The IIHS' Updated Criteria Absolutely Devastated Its Top Safety Pick List
While the Insurance Institute for Highway Safety has steadily upgraded its standards over the last two years, the effort hasn’t been without casualties. In a new effort to improve headlight safety and impact protection, the organization has changed its testing criteria for 2018 to include both illumination and passenger-side frontal impacts.
Unfortunately, including these aspects in its final verdict of how safe a vehicle is has removed numerous models from consideration for 2018’s Top Safety Pick+ awards. Last year, 38 vehicles qualified for the safety plus appointment. This year, however, the grand total only came to 15 models — most wearing badges from Hyundai Motor Group and Subaru.
The IIHS makes no apologies for keeping so many cars from receiving top honors. Instead, it claims it was time to heap higher expectations on automakers for items like visibility and passenger safety.
“Drivers expect that their passengers, who are often family, will be protected just as well as they are,” says IIHS President Adrian Lund. “Manufacturers have been taking this issue seriously since we first shed light on it, and we’re confident that good small overlap protection will become the norm on the passenger side, just as it has on the driver side.”
While the crash test is extremely straightforward, the headlight criteria is a little more complex. The IIHS’ initial testing showed most vehicles performing exceptionally poorly. In addition to measuring how well low beams can illuminate the road ahead, the tests take into account the amount of glare the beam creates for oncoming vehicles.
“Headlights have long been treated as design elements instead of the critical safety equipment that they are,” Lund says. “We’re pleased to see this changing. Every one of the 62 award winners for 2018 is available with headlights that are at least acceptable.”
However, an acceptable headlight ranking isn’t enough to get the Top Safety Pick+ award. For that, a vehicle must include at least one headlight option offering a good rating, good ratings in the driver-side small overlap front, moderate overlap front, side, roof strength, and head restraint tests, an overall rating of advanced or superior in for overall front crash prevention, and an acceptable rating for the passenger-side small overlap front test.
You probably want to know which vehicles won.
For small cars, winners included the Kia Forte sedan, Kia Soul, Subaru Impreza, and Subaru WRX. Victors in the midsize category were the Subaru Legacy, Subaru Outback, and Toyota Camry. Moving up to the larger cars showed the BMW 5 Series, Genesis G80, Genesis G90, Lincoln Continental, and Mercedes-Benz E-Class as being worthy of Top Safety Pick+ awards.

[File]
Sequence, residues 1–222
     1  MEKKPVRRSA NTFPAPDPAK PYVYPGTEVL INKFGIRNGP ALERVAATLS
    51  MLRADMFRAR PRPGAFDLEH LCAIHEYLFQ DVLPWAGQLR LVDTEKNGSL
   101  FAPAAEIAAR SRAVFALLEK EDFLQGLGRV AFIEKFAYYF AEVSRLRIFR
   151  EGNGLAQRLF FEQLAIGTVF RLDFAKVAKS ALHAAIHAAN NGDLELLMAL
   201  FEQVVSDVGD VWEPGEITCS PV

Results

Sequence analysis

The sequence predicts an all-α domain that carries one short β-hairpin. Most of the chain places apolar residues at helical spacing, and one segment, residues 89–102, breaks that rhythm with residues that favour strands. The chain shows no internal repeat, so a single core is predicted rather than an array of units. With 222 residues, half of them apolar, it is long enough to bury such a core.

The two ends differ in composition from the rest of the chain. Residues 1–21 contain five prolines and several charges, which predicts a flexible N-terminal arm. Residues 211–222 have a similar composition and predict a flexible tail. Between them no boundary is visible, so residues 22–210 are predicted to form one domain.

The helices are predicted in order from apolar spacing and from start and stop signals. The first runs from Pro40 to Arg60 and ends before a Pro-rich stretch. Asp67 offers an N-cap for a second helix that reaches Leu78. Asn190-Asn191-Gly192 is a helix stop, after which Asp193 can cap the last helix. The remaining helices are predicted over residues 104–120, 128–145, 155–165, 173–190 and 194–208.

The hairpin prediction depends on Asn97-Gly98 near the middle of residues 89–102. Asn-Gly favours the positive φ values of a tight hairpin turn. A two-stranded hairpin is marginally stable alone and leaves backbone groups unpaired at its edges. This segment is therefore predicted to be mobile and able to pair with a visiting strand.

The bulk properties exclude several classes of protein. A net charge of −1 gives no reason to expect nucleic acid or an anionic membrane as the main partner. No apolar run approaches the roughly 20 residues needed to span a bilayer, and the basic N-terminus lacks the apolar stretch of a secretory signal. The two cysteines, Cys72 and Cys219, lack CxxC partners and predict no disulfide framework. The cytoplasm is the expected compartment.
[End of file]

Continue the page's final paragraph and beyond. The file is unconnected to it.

Meanwhile, SUVs and trucks performed worse than you might have expected. Only the Mercedes-Benz GLC, Hyundai Santa Fe, and Hyundai Santa Fe Sport received top honors. The rest, even those with decent crash ratings, were handicapped by subpar headlight tests or missing safety technologies.
The good news is that cars are still safer than they’ve ever been, and another 47 vehicles did qualify for lesser safety awards. If you want to see the complete list, check out the Insurance Institute for Highway Safety’s website for more information.
[Image: Insurance Institute for Highway Safety]
Jonnyanalog on Dec 09, 2017
A coworker engineer and I had a discussion about lighting performance in passenger cars today. Based on our knowledge with previous high performance forward lighting projects we could only deduce that most headlights from the factory are very adequate. The problem lies in the fact that nearly every manufacturer does not properly aim the lights before they leave the QC dept. Headlights, like every other component have a tolerance range for when the lighting elements, whether it be, LED, halogen, or HID during installation into the bezel/rear housing. Once the lights are installed into the vehicle (again with its own manufacturing tolerances) they go on their merry way down the line and to the dealer. What I'm getting at is a car doesn't leave the factory without being aligned (tolerance stack up plays a huge role here too), that would be very unsafe. Headlights should receive the same attention before leaving the factory. They are really a safety feature. If they were I'd wager more cars would perform better and ultimately be safer.
Delta88 on Dec 10, 2017
Hmm...my 2017 Jetta SEL Premium (rare and special order by dealers) came with adaptive HID high and low beams plus cornering lamps, at under 25MPH. Lighting, adaptive cruise, and the Fender stereo were the reasons I searched for one over lesser trims. Last year it garnered a Top Safety Pick+. Optional lights are not tested for 2018. I wonder if they are discontinued. Too bad, because they are fantastic!
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